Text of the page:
Sentence #1 was brought as support to prove sentence #2. Sentence #2 was then itself brought as support to prove the final conclusion that you should borrow my umbrella. In other words, the claim that you should take an umbrella with you to work was a subsidiary conclusion for which some support was brought and which itself, in turn, gave support to the main conclusion.

Bonus question: can you determine the role of this point?

Nate: The meteorologist is predicting rain for today. Therefore, you should take an umbrella with you to work. Hence, since you don’t have an umbrella, you should borrow my umbrella.

Answer: it is also brought as evidence for the final conclusion, along with the subsidiary conclusion in sentence #2. The fact that you should take an umbrella to work, combined with the fact that you don’t own an umbrella, together prove the conclusion (that you should borrow mine). Thus, they are each brought as partial support for the conclusion.

The best thing to do on these questions if you’re stuck is to first identify the conclusion. The conclusion is the star around which every other point in the paragraph orbits – in other words, the role of every other point made is determined in relation to the main point. Seeing how the point in question relates to the main conclusion of the argument will shed light on the role of that point in the overall argument. Does it bring support? If not, why was it mentioned? Or, is it the conclusion itself? (Remember, the conclusion is always the main point being argued, for which support is brought. The main conclusion can’t also serve as support for something else, or it would be a subsidiary conclusion, as we’ve said.)

Take a look at this example from the June 2007 LSAT:

Here, the main conclusion is that “what awaits us is probably a mere alteration of the human mind rather than its devolution”. The first sentence is background information – a complaint that people make which we are about to argue is not a cause for worry. The second sentence, which is the focus of our question, is a supporting point for the conclusion. However, there are a couple of tricky answer choices here:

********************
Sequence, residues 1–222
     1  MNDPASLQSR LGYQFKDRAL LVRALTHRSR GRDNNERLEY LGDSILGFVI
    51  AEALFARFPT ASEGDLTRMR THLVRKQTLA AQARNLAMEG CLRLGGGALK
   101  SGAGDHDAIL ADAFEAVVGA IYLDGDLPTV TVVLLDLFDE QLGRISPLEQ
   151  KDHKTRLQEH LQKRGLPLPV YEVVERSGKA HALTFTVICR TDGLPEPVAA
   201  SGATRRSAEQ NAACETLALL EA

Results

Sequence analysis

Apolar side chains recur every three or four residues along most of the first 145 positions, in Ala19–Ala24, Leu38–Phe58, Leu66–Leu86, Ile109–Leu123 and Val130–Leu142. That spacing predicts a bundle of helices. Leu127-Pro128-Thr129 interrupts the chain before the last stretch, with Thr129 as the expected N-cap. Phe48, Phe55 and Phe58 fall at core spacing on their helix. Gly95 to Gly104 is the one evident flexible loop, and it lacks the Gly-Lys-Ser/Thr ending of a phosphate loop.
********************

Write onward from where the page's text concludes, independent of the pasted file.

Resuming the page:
(A) Yes it is evidence, but no it’s not evidence for the claim that the intellectual skills fostered by the literary media are being destroyed by the electronic media – that’s the complaint suggested in the first sentence, which we are trying to argue against!

(B) This hypothesis was never stated and is certainly not being advanced here.

(C) Correct. It was precisely this, an example of a cultural change that didn’t have a negative effect on the human mind, which therefore supports our conclusion, that the cultural change in question doesn’t necessarily bring a negative effect on the human mind either. This is tricky because it doesn’t have the words ‘premise’ or ‘evidence’ in it, and other answer choices do. It simply explains how this point supports the conclusion without using those terms. That’s OK, since it’s still accurate.

(D) Yes it is evidence, but it’s not evidence that the claim made in the first sentence is untrue. Rather, it’s evidence that even though the claim may be true, it’s not a cause for worry. Always read closely.

(E) No it’s never dismissed, and also, it supports our conclusion, not a conclusion that we criticize.

This question is a great example of why not to focus too hard on word cues on the LSAT. The fact that a certain word is or is not present will not necessarily indicate the veracity of an answer choice – the authors of the LSAT sometimes write questions specifically to fool people who are simply looking for word cues, and this is perhaps an example of a question like that. Rather than call it a supporting point, answer choice (C) simply mentions how it acts to support the conclusion. As long as you understood what the argument was saying and that this was a supporting point, you’d have to see (C) as being a true statement and therefore being the right answer.

In summary:

    • Every point in an argument is either a conclusion, supporting point, or background info
    • In the case of background info, you must ask yourself “why was this point made?”
    • A subsidiary/secondary conclusion is something for which support is brought that then in turn serves the final conclusion
  • When in doubt, identify the main conclusion and figure out how the point identified relates to it
  • Even if the defining word you’re looking for doesn’t appear in an answer choice, if it is accurately describing the role of the statement, then it must be correct

For full clarity on very tough logical reasoning questions, check out my LSAT course.

Oh, and if you haven’t already, download your Free MasterLSAT Study Guide, which will tell you exactly what you need to do to reach a 99th-percentile score on the LSAT.